Last Friday, Secretary of State Mike Pompeo announced on Twitter that the United States had officially “come to an understanding with the Taliban on a significant reduction in violence across Afghanistan.” This announcement was notable, not only because it signified the possibility of some much-needed relief for the violence-plagued people of Afghanistan, but also because it was a precondition for the U.S. to agree to the signing of an official deal with the Taliban. Pompeo’s announcement was quickly confirmed by a tweet from Suhail Shaheen, the Taliban’s political spokesman, who added that the formal U.S.-Taliban deal would be signed on February 29 in Doha, Qatar. Intra-Afghan negotiations would then begin within weeks of the signing ceremony, at least according to media reports. In those talks, the Taliban will formally discuss the future of the country with a representative group of Afghans that includes members of the government.
Pompeo called this development, “an important step on a long road to peace” — an apt way of describing the situation, since there are many issues yet to be resolved. Here, I’ll briefly discuss four that are especially important.
First is the issue of Taliban coherence and whether the group’s leaders can bring their entire organization out of the cold as part of a peace deal. There have been questions about the Taliban’s organizational coherence for years. Proponents have argued that events like the successful Eid ceasefire of 2018 demonstrated the ability of Taliban leaders to control their fighters, while detractors have pointed to rifts between the political and military councils of the group’s leadership structure over talks with the U.S. as evidence divisions within the group. Washington clearly has lingering questions of its own; and designed the reduction-in-violence precondition in part to test the Taliban’s ability to rein in its field commanders and fighting ranks for a week.
A second issue is the role of the Haqqani Network. The Haqqanis have presented a sticking point for the U.S. all along, since unlike the Taliban, they are a U.S.-designated Foreign Terrorist Organization. But they are also part of the Taliban’s organization, a point made abundantly clear when Sirajuddin Haqqani was elevated to the number two position in the Taliban hierarchy several years ago. The issue of whether or not the Haqqanis will go along with a peace deal is a lingering one, tied into the question of the broader coherence of the Taliban. The New York Times controversially published an editorial attributed to Siraj Haqqani titled “What We, the Taliban, Want,” which was clearly aimed at trying to put these questions to rest.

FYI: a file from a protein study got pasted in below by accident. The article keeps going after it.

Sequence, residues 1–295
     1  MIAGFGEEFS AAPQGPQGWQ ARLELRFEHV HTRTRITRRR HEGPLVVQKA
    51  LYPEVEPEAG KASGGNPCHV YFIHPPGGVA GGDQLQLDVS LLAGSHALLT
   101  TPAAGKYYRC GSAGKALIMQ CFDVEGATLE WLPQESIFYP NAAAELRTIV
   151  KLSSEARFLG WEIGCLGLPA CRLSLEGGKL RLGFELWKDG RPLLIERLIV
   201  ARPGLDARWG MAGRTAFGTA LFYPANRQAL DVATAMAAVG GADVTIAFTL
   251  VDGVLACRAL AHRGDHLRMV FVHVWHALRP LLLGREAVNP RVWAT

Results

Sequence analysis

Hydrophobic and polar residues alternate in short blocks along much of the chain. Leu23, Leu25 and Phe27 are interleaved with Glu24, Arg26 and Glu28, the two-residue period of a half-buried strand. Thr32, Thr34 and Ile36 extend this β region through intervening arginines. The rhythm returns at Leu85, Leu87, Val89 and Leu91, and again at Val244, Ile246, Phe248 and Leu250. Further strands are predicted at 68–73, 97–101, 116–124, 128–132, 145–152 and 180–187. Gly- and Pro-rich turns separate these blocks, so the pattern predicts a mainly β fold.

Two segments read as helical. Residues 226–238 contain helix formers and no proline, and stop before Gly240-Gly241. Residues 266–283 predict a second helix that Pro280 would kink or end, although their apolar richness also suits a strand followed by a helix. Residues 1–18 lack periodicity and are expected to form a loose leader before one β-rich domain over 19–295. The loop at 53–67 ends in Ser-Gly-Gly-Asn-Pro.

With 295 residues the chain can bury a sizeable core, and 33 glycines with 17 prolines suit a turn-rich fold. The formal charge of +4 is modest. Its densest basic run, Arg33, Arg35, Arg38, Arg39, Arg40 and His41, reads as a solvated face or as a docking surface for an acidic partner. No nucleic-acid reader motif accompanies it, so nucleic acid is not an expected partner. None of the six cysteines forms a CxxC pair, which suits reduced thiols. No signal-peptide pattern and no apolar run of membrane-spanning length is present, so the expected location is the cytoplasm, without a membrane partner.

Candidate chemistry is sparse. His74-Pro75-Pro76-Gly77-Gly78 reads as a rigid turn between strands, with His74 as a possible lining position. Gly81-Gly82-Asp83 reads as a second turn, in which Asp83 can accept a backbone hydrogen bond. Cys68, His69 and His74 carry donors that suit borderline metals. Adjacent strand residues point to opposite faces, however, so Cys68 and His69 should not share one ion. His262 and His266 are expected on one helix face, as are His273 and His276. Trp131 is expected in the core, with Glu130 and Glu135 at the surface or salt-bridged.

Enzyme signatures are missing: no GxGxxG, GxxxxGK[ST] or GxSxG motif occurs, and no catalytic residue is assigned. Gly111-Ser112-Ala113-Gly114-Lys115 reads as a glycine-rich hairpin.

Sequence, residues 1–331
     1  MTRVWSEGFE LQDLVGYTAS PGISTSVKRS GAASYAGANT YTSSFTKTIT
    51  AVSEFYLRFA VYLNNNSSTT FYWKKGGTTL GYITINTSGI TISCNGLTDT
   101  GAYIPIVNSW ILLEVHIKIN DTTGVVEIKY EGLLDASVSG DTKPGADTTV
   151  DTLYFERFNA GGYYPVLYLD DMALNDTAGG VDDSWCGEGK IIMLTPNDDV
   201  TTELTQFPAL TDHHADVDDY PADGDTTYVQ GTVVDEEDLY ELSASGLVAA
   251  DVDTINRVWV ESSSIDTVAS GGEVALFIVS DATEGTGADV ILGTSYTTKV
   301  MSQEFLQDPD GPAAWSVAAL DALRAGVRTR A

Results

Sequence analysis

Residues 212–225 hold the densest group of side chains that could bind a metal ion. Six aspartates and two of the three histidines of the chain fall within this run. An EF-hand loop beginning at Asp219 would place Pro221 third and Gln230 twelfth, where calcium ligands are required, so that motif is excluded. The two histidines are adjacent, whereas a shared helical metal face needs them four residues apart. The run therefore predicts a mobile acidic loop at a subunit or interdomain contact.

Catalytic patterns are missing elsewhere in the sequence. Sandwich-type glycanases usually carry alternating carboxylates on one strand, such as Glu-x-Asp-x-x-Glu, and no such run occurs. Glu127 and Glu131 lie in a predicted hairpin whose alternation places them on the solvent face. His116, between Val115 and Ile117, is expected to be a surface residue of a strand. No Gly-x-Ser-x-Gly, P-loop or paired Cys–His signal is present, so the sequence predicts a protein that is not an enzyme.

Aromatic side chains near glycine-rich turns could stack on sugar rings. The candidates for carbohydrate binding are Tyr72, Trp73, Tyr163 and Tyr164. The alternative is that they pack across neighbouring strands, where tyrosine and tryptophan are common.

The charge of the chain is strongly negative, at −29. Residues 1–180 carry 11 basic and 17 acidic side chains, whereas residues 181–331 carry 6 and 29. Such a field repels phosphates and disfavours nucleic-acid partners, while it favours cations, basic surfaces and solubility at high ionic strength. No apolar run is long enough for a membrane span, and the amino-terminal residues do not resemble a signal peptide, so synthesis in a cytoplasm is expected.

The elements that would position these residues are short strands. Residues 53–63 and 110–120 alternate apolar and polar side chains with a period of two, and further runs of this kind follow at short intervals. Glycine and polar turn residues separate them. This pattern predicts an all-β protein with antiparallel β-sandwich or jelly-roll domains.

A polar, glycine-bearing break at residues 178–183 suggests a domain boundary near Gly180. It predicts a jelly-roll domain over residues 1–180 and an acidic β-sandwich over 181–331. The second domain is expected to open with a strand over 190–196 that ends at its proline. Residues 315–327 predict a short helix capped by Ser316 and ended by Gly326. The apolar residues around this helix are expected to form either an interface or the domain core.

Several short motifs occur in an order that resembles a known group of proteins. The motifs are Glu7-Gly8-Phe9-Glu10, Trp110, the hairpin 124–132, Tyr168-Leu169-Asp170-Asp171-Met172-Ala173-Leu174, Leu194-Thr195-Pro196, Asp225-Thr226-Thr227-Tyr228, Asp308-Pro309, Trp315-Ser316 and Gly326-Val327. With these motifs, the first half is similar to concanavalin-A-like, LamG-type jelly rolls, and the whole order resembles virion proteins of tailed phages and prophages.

Third is the issue of the Afghan government’s own coherence. The Independent Election Commission of Afghanistan finally announced the results of Afghanistan’s presidential election last week. (The timing, so close to the announcements from the U.S.-Taliban talks, may not have been coincidental.) The election — held last September — was declared in favor of the incumbent, Ashraf Ghani, by just 0.6 points more than the 50 percent vote tally he needed to secure a first-round victory. But voter turnout was the lowest in Afghanistan’s history. About two million votes were cast from among some 10 million registered voters. And the level of fraud in this election was again notable, with plenty of evidence of ballot box stuffing and other illegal activities. Ghani’s primary opponent — until recently, his chief executive officer—Abdullah Abdullah, declared his own, parallel government. This level of political turmoil couldn’t come at a worse time, and it raises serious questions as to whether the elites in Kabul can coalesce in time to provide a united front in negotiations with the Taliban, or whether they will come to the table divided.
A fourth issue to be resolved on the road to peace is the implementation and monitoring of the impending U.S.-Taliban deal in the months to follow. As described by the eminent scholar of Afghanistan Barnett Rubin in a recent Washington Post op-ed, “The agreement provides a timetable for troop withdrawal, counterterrorism guarantees, a path to a cease-fire and a process for political settlement. Implementation would also require dismantling Taliban infrastructure in neighboring Pakistan and assurances by external powers that none will use Afghanistan against others.” These are heady issues that require significant, sustained actions in order to translate the words of a deal into lasting change on the ground. Rubin writes that “an annex [to the deal] establishes a center where the U.S. military and Taliban will share counterterrorist information and monitor possible violations.” But what will that center look like? Where will it exist? Will it be “real” or “virtual,” like a series of WhatsApp chat rooms? What is its remit and what are the limits of its actions? And if violations are discovered, what then? As Rubin said previously, “Peace agreements are not based on trust. They are based on mutual interest, verification and enforcement.” Exactly how the implementation of this deal will be verified and enforced remains to be seen.
There are many more questions that Afghans will need to address among themselves. Among these are the prospect of a full and comprehensive ceasefire, the rights of women and minorities, the fate of Afghanistan’s current constitution and structure of future governments, the reintegration of Taliban fighters — potentially into the Afghan security forces — and the relationship of any post-peace government with the international community, including the continued provision of international aid on which Afghanistan’s economy relies heavily. But first things first. If the reduction in violence can hold for just a few more days, the U.S. and the Taliban will cement the first formal step in their road to peace. Then the hard task of addressing the questions I’ve posed above will begin in earnest.